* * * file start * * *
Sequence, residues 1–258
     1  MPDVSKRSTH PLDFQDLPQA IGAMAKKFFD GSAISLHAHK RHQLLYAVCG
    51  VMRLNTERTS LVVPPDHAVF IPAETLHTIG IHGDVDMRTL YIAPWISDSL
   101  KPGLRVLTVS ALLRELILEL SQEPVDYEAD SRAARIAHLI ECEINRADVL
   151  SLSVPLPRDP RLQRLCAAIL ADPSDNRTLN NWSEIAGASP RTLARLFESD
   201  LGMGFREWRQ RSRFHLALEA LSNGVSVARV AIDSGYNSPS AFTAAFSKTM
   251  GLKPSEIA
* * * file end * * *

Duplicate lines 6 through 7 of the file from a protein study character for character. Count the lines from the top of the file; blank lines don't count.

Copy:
   201  LGMGFREWRQ RSRFHLALEA LSNGVSVARV AIDSGYNSPS AFTAAFSKTM
   251  GLKPSEIA